We may only be about 10 games into the 2016-17 NBA season, however, it is a sample size more than sufficient enough to reveal the true colors of these teams and the future that lies ahead of them. As we progress further into the six-month gauntlet that is the NBA regular season, here are the best- and worst-kept secrets for every franchise. Today: the Central Division.
Cleveland Cavaliers, 8-1
Best-kept secret: Kay Felder’s amazing preseason performance will ultimately groom a path for him to be the full-time backup point guard to Kyrie Irving. The little guy can flat-out ball, and the position where the Cavaliers’ depth has been lacking the most is now the complete opposite.
Worst-kept secret: Kevin Love is not shooting well. Despite averaging 20.6 points, his 33.3 percent three-point and 42 percent overall shooting figures are simply not good enough for a player of Love’s significance. The fact that 56.8 percent of his made two-point field goals and 100 percent of his three-point ones have been assisted means the Cavs are getting him open. He needs to fulfill his end of the bargain.
Chicago Bulls, 6-4
Best-kept secret: On paper, this might be the deepest team in the association. It is a blessing and a curse, as 1) you’re allowed to play only five players at once, and 2) Fred Hoiberg rotates players like he’s picking names out of a hat. Look at the roster, and you could legitimately argue that Bobby Portis, Jerian Grant, and Denzel Valentine are currently Nos. 11-13 in the pecking order. When you have that much talent to choose from, you have absolutely no excuses to not produce Ws.
Worst-kept secret: Rajon Rondo has not been good. In fact, he’s been a liability. With Dwyane Wade and Jimmy Butler , historically mediocre jump shooters, on the floor simultaneously, you figured one of the three would struggle to be efficient as defenses deprioritize guarding the perimeter. The other four Bulls starters all have double-digit positive net ratings, but Rondo is currently minus-15 through 10 games. He doesn’t need “to go,” but his role certainly needs to change.
Milwaukee Bucks, 5-4
Best-kept secret: Giannis Antetokounmpo is the best point guard in the Eastern Conference. No, I didn’t forget about Kyrie Irving – rather, I’m looking at the enormous impact the Greek Freak has as a dual threat. Giannis, as a facilitator, currently averages 21.3 points and 5.3 assists per game. OK, cool. On the other side of the ball, Antetokounmpo is grabbing 8.3 rebounds and snatching 2.1 blocks and 2.0 steals per game. In addition, he currently carries the second-best defensive rating on the team (98), a ludicrous 26.4 PER and a team-best plus-8.0 box score +/- average (13 of 15 players on the roster are currently negative). The next closest Bucks player in this department? Greg Monroe, at plus-4.8. The “potential superstar status” of Antetokounmpo we’ve talked about for two years isn’t just a discussion anymore – it’s here.
Worst-kept secret: Between Miles Plumlee’s $49.6 million deal, Matthew Dellavedova’s $39 million and John Henson’s $42 million, there may not be a franchise with a more clogged up cap room going to mediocre basketball players than the Milwaukee Bucks.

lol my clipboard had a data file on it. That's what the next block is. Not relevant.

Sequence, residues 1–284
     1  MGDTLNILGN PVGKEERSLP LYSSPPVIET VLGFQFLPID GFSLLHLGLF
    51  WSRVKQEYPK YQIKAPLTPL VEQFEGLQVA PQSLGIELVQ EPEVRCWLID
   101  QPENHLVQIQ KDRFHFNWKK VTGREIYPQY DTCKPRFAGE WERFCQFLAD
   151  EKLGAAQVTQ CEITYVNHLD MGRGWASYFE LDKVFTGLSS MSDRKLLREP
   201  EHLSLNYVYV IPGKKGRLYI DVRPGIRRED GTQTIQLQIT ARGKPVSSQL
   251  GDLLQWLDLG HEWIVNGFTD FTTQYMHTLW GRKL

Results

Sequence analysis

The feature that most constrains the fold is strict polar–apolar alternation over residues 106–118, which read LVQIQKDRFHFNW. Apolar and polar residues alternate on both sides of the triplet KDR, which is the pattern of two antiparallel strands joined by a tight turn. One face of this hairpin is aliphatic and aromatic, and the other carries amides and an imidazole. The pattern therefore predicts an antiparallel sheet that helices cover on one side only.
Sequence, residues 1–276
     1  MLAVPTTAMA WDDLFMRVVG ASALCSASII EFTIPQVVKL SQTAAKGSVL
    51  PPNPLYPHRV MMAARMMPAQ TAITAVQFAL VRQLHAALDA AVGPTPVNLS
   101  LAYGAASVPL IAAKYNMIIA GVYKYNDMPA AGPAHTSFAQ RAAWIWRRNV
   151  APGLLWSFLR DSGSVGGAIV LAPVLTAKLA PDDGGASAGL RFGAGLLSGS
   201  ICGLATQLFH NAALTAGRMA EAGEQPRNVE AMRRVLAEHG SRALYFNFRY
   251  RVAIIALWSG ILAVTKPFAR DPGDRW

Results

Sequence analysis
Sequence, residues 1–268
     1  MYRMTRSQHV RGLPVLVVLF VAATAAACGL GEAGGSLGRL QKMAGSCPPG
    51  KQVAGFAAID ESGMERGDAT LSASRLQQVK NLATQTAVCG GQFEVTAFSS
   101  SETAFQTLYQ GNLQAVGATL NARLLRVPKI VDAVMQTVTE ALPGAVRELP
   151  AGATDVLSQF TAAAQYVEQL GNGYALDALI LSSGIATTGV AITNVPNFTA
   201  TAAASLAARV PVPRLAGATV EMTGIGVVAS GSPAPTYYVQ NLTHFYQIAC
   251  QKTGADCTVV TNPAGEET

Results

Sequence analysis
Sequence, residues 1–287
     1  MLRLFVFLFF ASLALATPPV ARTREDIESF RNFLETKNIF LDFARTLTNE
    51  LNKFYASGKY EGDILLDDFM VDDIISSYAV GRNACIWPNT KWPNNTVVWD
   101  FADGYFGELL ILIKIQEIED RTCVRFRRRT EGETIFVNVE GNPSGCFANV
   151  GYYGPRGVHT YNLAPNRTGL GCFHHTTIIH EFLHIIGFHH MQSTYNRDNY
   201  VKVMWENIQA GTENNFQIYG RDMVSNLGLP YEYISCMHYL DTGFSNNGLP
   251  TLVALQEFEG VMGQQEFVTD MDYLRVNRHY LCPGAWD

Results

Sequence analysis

Detroit Pistons, 6-5
Best-kept secret: Tobias Harris might have been … worth the money? Shocking, I know … As soon as the ink hit paper on Harris’ four-year, $64 million deal with the Pistons – there was not a whole lot of optimism outside of Detroit that he would be able to take on the responsibility of being a key player on a successful team. Harris hasn’t been an all-star thus far, but he’s been damn good. He leads the Pistons in scoring (16.5 per game), is one of the more efficient players on the roster, and most important: Every 3-pointer he’s made this season has been assisted. In the past, Harris was notorious for being a bit of a ball-stopper and attempting difficult contested shots, but this season Harris is not only scoring efficiently but is making his teammates better as well.
Worst-kept secret: Andre Drummond’s free throw percentage is up almost 20 points from last season, but, it’s still 53.1 percent. When the best player on your team cannot be on the floor in crunch-time minutes because he gets intentionally fouled and essentially turns the ball over after missing two free throws, you have a problem. Until this is fixed, the Pistons aren’t winning a big game any time soon, and everyone knows it.
Indiana Pacers, 5-6
Best-kept secret: Myles Turner is going to be an all-star, if he’s not already. If Turner played in a major market, he would without a doubt be getting the same publicity a Kristaps Porzingis gets in New York – he’s simply that good. This second-year, 20-year-old kid’s game is light years ahead of his age – leading the starting unit in efficiency with an obscene 23.3 PER. He can create his own shot, he passes, he blocks shots, he rebounds, he defends – you name it, Turner does it well. There is a legitimate argument to be made that, under his current rookie contract, he is a more valuable asset than perennial superstar teammate Paul George.
Worst-kept secret: The bench is a disaster. Al Jefferson was brought in to hold down the fort while the Pacers’ starters catch a breather. Saying he’s been bad is a compliment, as he is dead last on the roster (of rotation players) in the +/- department – averaging a minus-4.5. The Pacers are going nowhere as long as their bench continues to blow leads.